Rasnick, et al. v. Krishna Hospitality, Inc.

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Justia Opinion Summary

Plaintiff filed a wrongful death action against defendant alleging, inter alia, negligence in that plaintiff made numerous telephone calls to the motel the night before her husband died, and when she was unable to reach him, she alerted the motel operators of the possibility that her husband was in need of medical aid. However, the motel operators refused to comply with her requests to check on him. At issue was whether the court of appeals erred in concluding as a matter of law that defendant had no duty to comply with plaintiff's requests to attempt a rescue of her husband from his medical peril. The court held that innkeepers did not have a duty to investigate or check on their guests to determine if they were in medical need. Therefore, the court need not determine whether any duty to render or summon medical aid under section 314(A)(2) of the Restatement (Second) of Torts should be adopted in Georgia. Accordingly, the judgment of the court of appeals was affirmed.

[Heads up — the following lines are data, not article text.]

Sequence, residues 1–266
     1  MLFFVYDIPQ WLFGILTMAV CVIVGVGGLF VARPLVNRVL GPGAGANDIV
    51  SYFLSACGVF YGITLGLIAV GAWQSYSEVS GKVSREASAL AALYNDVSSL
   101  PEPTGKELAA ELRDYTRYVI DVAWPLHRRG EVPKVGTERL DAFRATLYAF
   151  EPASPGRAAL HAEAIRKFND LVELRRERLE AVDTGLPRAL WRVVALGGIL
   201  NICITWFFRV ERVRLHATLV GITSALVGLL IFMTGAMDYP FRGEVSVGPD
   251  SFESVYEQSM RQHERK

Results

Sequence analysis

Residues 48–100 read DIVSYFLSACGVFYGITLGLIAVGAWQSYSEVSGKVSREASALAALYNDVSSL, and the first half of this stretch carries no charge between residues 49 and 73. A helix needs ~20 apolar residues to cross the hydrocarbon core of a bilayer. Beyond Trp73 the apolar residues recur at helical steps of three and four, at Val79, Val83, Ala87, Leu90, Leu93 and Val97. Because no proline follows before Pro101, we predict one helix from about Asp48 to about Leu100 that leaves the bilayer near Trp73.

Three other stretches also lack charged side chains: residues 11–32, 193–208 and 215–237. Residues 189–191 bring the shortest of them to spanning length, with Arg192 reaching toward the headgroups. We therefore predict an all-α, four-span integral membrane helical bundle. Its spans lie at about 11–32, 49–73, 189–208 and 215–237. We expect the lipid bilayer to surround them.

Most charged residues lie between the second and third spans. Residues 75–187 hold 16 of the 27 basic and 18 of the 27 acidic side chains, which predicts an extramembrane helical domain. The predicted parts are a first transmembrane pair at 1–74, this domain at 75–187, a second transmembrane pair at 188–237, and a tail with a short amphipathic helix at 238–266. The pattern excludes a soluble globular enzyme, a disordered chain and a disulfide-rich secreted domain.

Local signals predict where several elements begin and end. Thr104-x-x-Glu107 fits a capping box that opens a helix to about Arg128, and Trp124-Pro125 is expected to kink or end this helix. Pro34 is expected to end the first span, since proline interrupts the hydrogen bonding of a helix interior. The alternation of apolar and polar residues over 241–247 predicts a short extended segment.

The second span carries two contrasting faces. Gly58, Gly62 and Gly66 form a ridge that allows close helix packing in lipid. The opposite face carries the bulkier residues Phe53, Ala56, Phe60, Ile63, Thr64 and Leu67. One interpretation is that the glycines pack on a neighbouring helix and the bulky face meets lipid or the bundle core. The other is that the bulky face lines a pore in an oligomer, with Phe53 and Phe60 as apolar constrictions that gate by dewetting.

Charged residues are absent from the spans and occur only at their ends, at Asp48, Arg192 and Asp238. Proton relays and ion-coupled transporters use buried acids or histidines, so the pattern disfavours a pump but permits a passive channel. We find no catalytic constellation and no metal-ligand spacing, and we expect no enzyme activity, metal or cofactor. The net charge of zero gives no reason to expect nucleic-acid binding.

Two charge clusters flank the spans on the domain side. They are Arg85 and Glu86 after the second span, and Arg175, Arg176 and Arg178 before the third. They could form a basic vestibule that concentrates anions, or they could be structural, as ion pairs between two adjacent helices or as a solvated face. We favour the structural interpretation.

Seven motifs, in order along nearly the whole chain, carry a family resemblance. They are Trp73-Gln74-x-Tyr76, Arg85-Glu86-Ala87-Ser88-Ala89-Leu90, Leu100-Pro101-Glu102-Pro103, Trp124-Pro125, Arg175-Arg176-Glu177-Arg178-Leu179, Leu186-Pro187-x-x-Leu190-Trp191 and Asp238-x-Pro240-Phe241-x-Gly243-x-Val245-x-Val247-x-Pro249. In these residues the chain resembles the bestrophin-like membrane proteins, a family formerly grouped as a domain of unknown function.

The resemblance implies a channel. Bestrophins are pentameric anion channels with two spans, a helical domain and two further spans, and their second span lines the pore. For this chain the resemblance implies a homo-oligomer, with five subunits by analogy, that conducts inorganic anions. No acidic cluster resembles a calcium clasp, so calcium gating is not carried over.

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In the Supreme Court of Georgia Decided: July 5, 2011 S10G0971. RASNICK, ADMRX., et al. v. KRISHNA HOSPITALITY, INC. HINES, Justice. This Court granted certiorari to the Court of Appeals in Rasnick v. Krishna Hospitality, Inc., 302 Ga. App. 260 (690 SE2d 670) (2010), to consider whether the Court of Appeals erred in concluding as a matter of law that the defendant hotel had no duty to comply with the plaintiff s requests to attempt a rescue of her husband from his medical peril. Finding no error in the judgment of the Court of Appeals, we affirm. The facts as stated by the Court of Appeals included the following. Virginia Rasnick ( Rasnick ) and her 77-year-old husband, Sidney Rasnick, lived in Texas. While on a work assignment in Georgia, Mr. Rasnick stayed at the Motel Jesup, which was owned and operated by Krishna Hospitality, Inc. ( Krishna ). He checked into the motel on March 6, 2006, and for a number of days thereafter reported to work and spoke with his wife several times a day. On the morning of March 13, a motel housekeeper found Mr. Rasnick lying on the floor of his motel room, unable to get up. The housekeeper informed the owner, who called 911. At about 12:30 p.m., an ambulance transported Mr. Rasnick to a nearby hospital, where he died a short time later. An autopsy revealed that he died from a combination of untreated coronary artery disease and enlargement of his heart. A cardiologist opined to a reasonable degree of medical certainty that Mr. Rasnick would have survived had he received medical treatment on the evening of March 12. Rasnick filed the present wrongful death action against Krishna, alleging, inter alia, negligence in that Rasnick had made numerous telephone calls to the motel the night before her husband died, and when she was unable to reach him, she alerted the motel operators of the possibility that her husband was in need of medical aid. However, the motel operators refused to comply with her requests to check on him. Rasnick maintained that the failure of Krishna s personnel to heed her expressed concern amounted to a breach of duty to render aid to a paying guest.1 1 The Court of Appeals detailed, from Rasnick s deposition testimony, the following telephone calls Rasnick made to the motel the night of March 12. Unable to reach her husband, she alerted the motel that she believed he might be in need of medical aid. The motel operators, however, refused her requests to check on him. Twice at 6:51 p.m. and at 7:36 p.m. she called the motel and a female operator connected her to her husband s room, where there was no answer. At 7:55 p.m. she called the motel again, identifying herself and telling the operator that 2 Krishna moved for summary judgment, arguing, inter alia, that Georgia law did not impose a duty on it to investigate Mr. Rasnick s condition and render or summon medical aid, if needed. The trial court granted Krishna s motion for summary judgment, determining that Krishna had no legal duty to comply with Rasnick s requests to check on her husband, and thus, there was no legal duty sufficient to support liability in negligence. The Court of Appeals affirmed, holding as a matter of law that Krishna had no duty to comply with Rasnick s requests to attempt the possibly-needed rescue of her husband. Rasnick v. Krishna Hospitality, supra at 266 (1). In order to have a viable negligence action, a plaintiff must satisfy the elements of the tort, namely, the existence of a duty on the part of the defendant, a breach of that duty, causation of the alleged injury, and damages resulting her husband was on medication, that she was very worried about him, and that she needed someone to check on him. The operator told her that he knew who she was, that her husband was resting, and that she was disturbing him, and hung up. Rasnick waited for a period of time that she hoped was long enough for the man to check on her husband and then she called again at 8:16 p.m.. This time a female operator answered and Rasnick asked the operator to connect her to her husband s room; the operator did so, and there was no answer. Rasnick called the motel again at 8:30 p.m. and asked the male operator, Did you find out about my husband? The man became irate, ranted and told Rasnick to dial her husband s room number, and then hung up. Rasnick called the motel five more times from 7:58 p.m. to 10:44 p.m., but no one answered her calls. Instead, there was a recorded message advising that the party was unavailable. Rasnick conceded that no motel operator ever told her that he or she would check on her husband. 3 from the alleged breach of the duty. John Crane, Inc. v. Jones, 278 Ga. 747, 751 (604 SE2d 822) (2004). The legal duty is the obligation to conform to a standard of conduct under the law for the protection of others against unreasonable risks of harm. Bradley Center v. Wessner, 250 Ga. 199, 200 (296 SE2d 693) (1982). This legal obligation to the complaining party must be found, the observance of which would have averted or avoided the injury or damage; the innocence of the plaintiff is immaterial to the existence of the legal duty on the part of the defendant in that the plaintiff will not be entitled to recover unless the defendant did something that it should not have done, i.e., an action, or failed to do something that it should have done, i.e., an omission, pursuant to the duty owed the plaintiff under the law. City of Douglasville v. Queen, 270 Ga. 770 (1) (514 SE2d 195) (1999). The duty can arise either from a valid legislative enactment, that is, by statute, or be imposed by a common law principle recognized in the caselaw. Murray v. Georgia Dept. of Transp., 284 Ga. App. 263, 272 (4) (644 SE2d 290) (2007). In order to proceed on a tort claim based upon a failure to render aid, the plaintiff, as a threshold matter, must demonstrate that the defendant had a legal duty to render aid; even the actor s realization that some action on his or her part is necessary for another's aid or 4 protection does not, in and of itself impose upon the actor the duty to undertake such action. Cowart v. Widener, 287 Ga. 622, 631 (n.2) (697 SE2d 779) (2010). The existence of a legal duty is a question of law for the court. City of Rome v. Jordan, 263 Ga. 26, 27 (1) (426 SE2d 861) (1993). 1. The gravamen of Rasnick's claim of negligence is Krishna's failure to act in response to her requests to check on her husband; thus, Rasnick has to show that Krishna had a legal obligation, i.e., a duty, to do so. But, this she cannot do. The Court of Appeals correctly cited the general principle that, [A] person is under no duty to rescue another from a situation of peril which the former has not caused. City of Douglasville v. Queen, supra at 773 (3). And, it noted that there is no evidence that Krishna caused Mr. Rasnick s alleged underlying medical problems. Yet, Rasnick argues that there is the duty to investigate when it reasonably appears that a guest may be in need of assistance, that to summon aid is part of the basic duty of an innkeeper to protect guests from danger, and that this is not a new duty, but one with long support in the law. She cites R.E. Hillinghorst v. Heart of Atlanta Motel, Inc., 104 Ga. App. 731 (122 SE2d 751) (1961) and G.L. Newtown v. Candace, 94 Ga. App. 385 (94 SE2d 739) (1956); however, these cases do not provide support for Rasnick s contention. They 5 involve the well-settled principle that innkeepers have the duty to exercise ordinary care to provide their guests with premises that are reasonably safe for the guests use and occupancy. See OCGA § 51-3-1.2 Yet, Rasnick urges that inasmuch as danger for a motel guest can be external, like menace from criminal elements as in Newtown v. Candace, or internal, like smoke in the facility, such internal danger would include the occasion in which a guest becomes debilitated by a medical condition; thus, she maintains that the obligation at issue here is simply an application of the existing duty to ensure reasonably safe premises. But, contrary to Rasnick s argument, the alleged negligence in her suit cannot be credibly cast as a condition of the premises or akin to a premises hazard like a smoke-filled building. Because any risk or problem stemming from a medical condition unrelated to and not caused by the guest s stay at the facility is not internal to the premises but rather internal to the guest. 2 2 . OCGA § 51-3-1 provides: Where an owner or occupier of land, by express or implied invitation, induces or leads others to come upon his premises for any lawful purpose, he is liable in damages to such persons for injuries caused by his failure to exercise ordinary care in keeping the premises and approaches safe. 6 Rasnick next requests that this Court explicitly adopt Section 314A of the Restatement (Second) of Torts (1965), which is entitled Special Relations Giving Rise to Duty to Aid or Protect, and provides: (1) A common carrier is under a duty to its passengers to take reasonable action (a) to protect them from unreasonable risk of physical harm, and (b) to give them first aid after it knows or has reason to know that they are ill or injured, and to care for them until they can be cared for by others. (2) An innkeeper is under a similar duty to his guests. (3) A possessor of land who holds it open to the public is under a similar duty to members of the public who enter in response to his invitation. (4) One who is required by law to take or who voluntarily takes the custody of another under circumstances such as to deprive the other of his normal opportunities for protection is under a similar duty to the other. (Emphasis supplied.) In support of engrafting Section 314A into Georgia law, Rasnick cites caselaw in other states which have considered the duty set out in the Restatement provision. But, the cited cases are distinguishable from the circumstances in this case. They involve situations in which the owner or operator of the premises had 7 knowledge that its invitee was in imminent danger because of observation of the physical peril; no manner of investigation or inquiry was at issue. See, e.g., Baker v. Fenneman & Brown Properties, LLC, 793 N.E. 2d 1203 (Ind. Ct. App. 2003) (restaurant had a duty to provide reasonable assistance to customer who while paying cashier fell to floor, lost consciousness and began having convulsions); Southland Corp. v. Griffith, 633 A.2d 84 (Md. 1993)(store owner had legal duty to call police when off-duty police officer was injured during assault in store parking lot); Drew v. LeJay s Sportsmen s Café, Inc., 806 P.2d 301 (Wyo. 1991) (restaurant owner had duty to patron to summon medical assistance within reasonable time when patron choked on food and was in imminent need of medical assistance); Miller v. McDonalds Corp., 439 So.2d 561 (La. Ct. App. 1983) (customer in hamburger restaurant involved in argument with manager over alleged shortchanging shot by another customer; business owner has duty to exercise reasonable care to protect those who enter business); Starling v. Fisherman s Pier, Inc., 401 So.2d 1136 (Fla. Dist. Ct. App. 1981) (drunken, passed out customer was left alone lying on a commercial pier in early hours of the morning close to the ocean and in imminent danger of rolling over unrestrained into water with full knowledge of operator's employee and customer 8 drowned; owner or operator of premises had duty to take at least minimal steps to safeguard inert figure); Hovermale v. Berkeley Springs Moose Lodge No. 1483, 271 S.E. 2d 335 (W.Va. 1980) (action by widow against fraternal organization for wrongful death of member, who died of heart attack after being placed by fellow members in his automobile in parking lot; organization s duty to render aid to ill or injured person.) The rights, duties, and liabilities of innkeepers are set forth in Article 1 of Chapter 21 of Title 43. See OCGA §§ 43-21-1 et seq. These statutes do not impose upon innkeepers the duty to rescue and do not expand an innkeeper s duty of care for the personal safety of its guests beyond that required in our State s caselaw. The General Assembly could have given innkeepers the duty to investigate or check on a guest, but it chose not to do so. And sound arguments can be made for that choice. To require that an innkeeper monitor in any manner the possible health problems of a guest, which are not caused by or are unrelated to the stay at the facility, is not only unwarranted as a matter of law but unworkable as a matter of fact and practicality. Pretermitting significant policy considerations including the potential fiscal impact on the hotel/motel industry, threshold issues would 9 include questions involving the scope of the duty and possible triggering events. What type of inquiry would or should cause the innkeeper to inquire into the guest s state of health and from whom? Would the triggering inquiry have to be from a family member or would a friend or colleague or anyone with ostensible concern about the guest s health situation suffice? Such questions become crucial because issues implicating the guest s privacy are extant. The Court of Appeals noted Rasnick's claim that Krishna had reasonable information suggesting the guest may need medical assistance, thereby raising the matter of foreseeability, but it accurately concluded that such circumstance does not mandate the expansion of traditional tort concepts. See CSX Transp. v. Williams, 278 Ga. 888, 890 (608 SE2d 208) (2005); Badische Corp. v. Caylor, 257 Ga. 131, 133 (356 SE2d 198) (1987); Murray v. Ga. Dept. of Transp., 284 Ga. App. 263, 272(4) (644 SE2d 290) (2007). This is so because the notion of legal duty must be tailored so that the consequences of wrongs are limited to a controllable degree. CSX Transp. v. Williams, supra at 890. While issues of morality and humanity are certainly raised by the circumstances of this case, a moral or humane obligation does not compel the existence of a legal duty, the breach of which 10 portends liability. See Lucas v. Cranshaw, 289 Ga. App. 510, 514 (n.14) (659 SE2d 612) (2008); McGarrah v. Posig, 280 Ga. App. 808, 810(635 SE2d 219) (2006). To conclude otherwise in this case would be an epitomization of the adage bad facts make bad law. In light of a legislative reluctance to do so and in recognition of clear considerations of policy and pragmatism, we decline to judicially engraft into the caselaw of this State, the additional duty upon innkeepers to investigate or check on their guests to determine if they are in medical need, as urged by Rasnick. This holding is sufficient to decide this case, and thus, we need not determine now whether any duty to render or summon medical aid as may be set forth in Section 314 (A) (2) should be adopted in Georgia. The judgment of the Court of Appeals stands. Judgment affirmed. All the Justices concur, except Hunstein, C. J., Carley, P. J., and Benham, J., who dissent. 11 S10G0971. RASNICK, ADMRX., et al. v. KRISHNA HOSPITALITY, INC. CARLEY, Presiding Justice, dissenting. The duties of innkeepers are hardly limited to their duties with respect to their guests property pursuant to OCGA § 43-21-1 et seq. or to their statutory duty to keep the premises and approaches reasonably safe for their guests. See OCGA § 51-3-1; Motel Properties v. Miller, 263 Ga. 484, 485 (1) (436 SE2d 196) (1993). It is the duty of an innkeeper not only to furnish his guest or patron with shelter and comforts but also to exercise ordinary care to protect him from danger. [Cit.] Newton v. Candace, 94 Ga. App. 385 (2) (94 SE2d 739) (1956). This common-law duty is widely recognized in other jurisdictions. 1 J.D. Lee & Barry Lindahl, Modern Tort Law: Liability and Litigation § 3:22 (2d ed.); 43A CJS Inns, Hotels, and Eating Places § 32; 40A AmJur2d Hotels, Motels, and Restaurants § 69; Estate of Hutchins v. Motel 6 Operating L.P., 2006 WL 2365590, at *2 (E.D. Ark. August 14, 2006) (applying Arkansas law, quoting Catlett v. Stewart, 804 SW2d 699, 702 (Ark. 1991)). Moreover, Georgia allows further development of the common law, as we recognize in Supreme Court Rule 34 (3). Thus, this Court has previously adopted portions of the Second Restatement of Torts. BDO Seidman v. Mindis Acquisition Corp., 276 Ga. 311 (1) (578 SE2d 400) (2003); Huggins v. Aetna Cas. & Sur. Co., 245 Ga. 248 (264 SE2d 191) (1980). A majority of jurisdictions have adopted the standard set forth in the Restatement (Second) of Torts § 314A. Many of these jurisdictions have applied Section 314A to cases related to illness or injury. [Cits.] Hoff v. Elkhorn Bar, 613 FSupp.2d 1146, 1157 (IV) (B) (D.N.D. 2009). Under that section, an innkeeper is under a . . . duty to his guests (a) to protect them against unreasonable risk of physical harm, and (b) to give them first aid after it knows or has reason to know that they are ill or injured, and to care for them until they can be cared for by others. Restatement, supra. Therefore, in certain circumstances the relationship between a guest and an innkeeper may give rise to a duty to render aid in case of illness or injury. [Cit.] Fish v. Paul, 574 A2d 1365, 1366 (Me. 1990). See also 43A CJS, supra. Contrary to the conclusion of the majority, § 314A is not limited to 2 situations in which the owner or operator of the premises had knowledge that its invitee was in imminent danger because of observation of the physical peril . . . . (Majority opinion, p. 8) Instead, § 314A applies when the innkeeper either knows or has reason to know that his guest is ill or injured. In Estate of Hutchins, the evidence on motion for summary judgment showed that the deceased s girlfriend was going to meet him at a hotel late one evening but could not reach him on the phone. She opened his room door only partially because of a security latch, saw him passed out drunk, but breathing normally, and she eventually fell asleep in her car. When she awoke, she returned to the room door, where he was in the same position and did not respond. She asked the desk clerk to call 911 because something was wrong. She told the clerk that she could not get into the deceased s room or get him to answer the telephone, but she did not tell any motel employee how long the deceased had been lying in the same position or provide any other information from which the clerk could reasonably conclude that the deceased was in a medical emergency. Thus, the defendant motel contended that nothing in the record established that 3 it was on notice that the deceased was in immediate danger and that time was of the essence. Nevertheless, because the clerk called the manager first, who did not arrive for at least 30 minutes and did not call 911 until he had opened the room door, the federal district court found genuine issues of material fact as to whether the Motel 6 employees acted in a negligent manner. The evidence raises a jury question as to how a reasonably careful person would act under the circumstances. Estate of Hutchins v. Motel 6 Operating L.P., supra at *3. The record here presents a significantly more compelling case for the denial of summary judgment. In her deposition, Ms. Rasnick testified that her 77-yearold husband had recently recovered from prostate cancer, was suffering from a bad cold when he came to Georgia, was on medication for high blood pressure, and was taking a cough suppressant containing codeine. Ms. Rasnick and her husband established a regular pattern of telephone calls. He would call her during the day from work, and she would call his motel room soon after the work day had ended. On the day of Mr. Rasnick s death, Ms. Rasnick called the motel at 6:51 p.m. and 7:36 p.m. and asked to be connected with his room, but he did not 4 answer. At 7:55 p.m., she called the plant where Mr. Rasnick worked and was informed that he had left two hours earlier. She tried the motel again immediately and informed the man who answered that she lived in Texas, that she was very worried about her husband, that he was on medication, and that she needed someone to check on him. The operator told her that she was disturbing her husband and hung up on her. At 8:16 p.m., Ms. Rasnick called again, and a female operator told her that the manager would be back shortly and connected her to Mr. Rasnick s room, where there was still no answer. When Ms. Rasnick called at 8:30 p.m., she asked the male operator if he had found out about her husband. The operator ranted that her husband may be working overtime or resting and that she was disturbing Mr. Rasnick. She told the operator that she had checked with his office and he was not working overtime. Furthermore, knowing that he did not drive at night, she denied that he had gone out. The operator told her to dial the room number and hung up on her again. Ms. Rasnick made five more calls to the motel that evening, each time receiving only an automated response from the motel switchboard. 5 The question of a violation of the duty to protect guests from danger, like an innkeeper s other duties, is a question of negligence and this court is bound by the rule that such matters are for the jury except in plain, palpable and indisputable cases. (Cit.) Robinson v. Western Intl. Hotels Co., 170 Ga. App. 812, 813 (1) (318 SE2d 235) (1984). See also Colt Indus. Operating Corp. v. Coleman, 246 Ga. 559, 561 (272 SE2d 251) (1980); 40A AmJur2d, supra at § 119 ( Unless evidence allows only a single conclusion, [cit.] it is for the jury to determine whether . . . the proprietor of a hotel . . . has exercised ordinary or reasonable care for the protection of guests . . . . [Cits.] ). This is [o]ne of the most frequently cited propositions in all of Georgia jurisprudence . . . . Charles R. Adams, III, Ga. Law of Torts § 3-2 (2010-2011 ed.). The evidence in this case shows that the defendant motel was placed on notice of Mr. Rasnick s medication, his likely presence in the hotel room due to his earlier departure from work, his failure to respond to phone calls, and his wife s great concern. Under this evidence, a jury could find that the motel had reason to know that Mr. Rasnick was ill or injured, thereby triggering its duty to protect him from further danger. 6 In my opinion, therefore, the trial court erroneously granted summary judgment, since there are genuine issues of material fact as to whether the motel exercised reasonable care under the circumstances. Estate of Hutchins v. Motel 6 Operating L.P., supra. Accordingly, I respectfully dissent to the affirmance of the Court of Appeals judgment. I further urge the General Assembly to close the gap in the common law resulting from the majority opinion s unnecessary limitation on the duties of an innkeeper and its inexplicable rejection of the application of § 314A to this case. I am authorized to state that Chief Justice Hunstein and Justice Benham join in this dissent. 7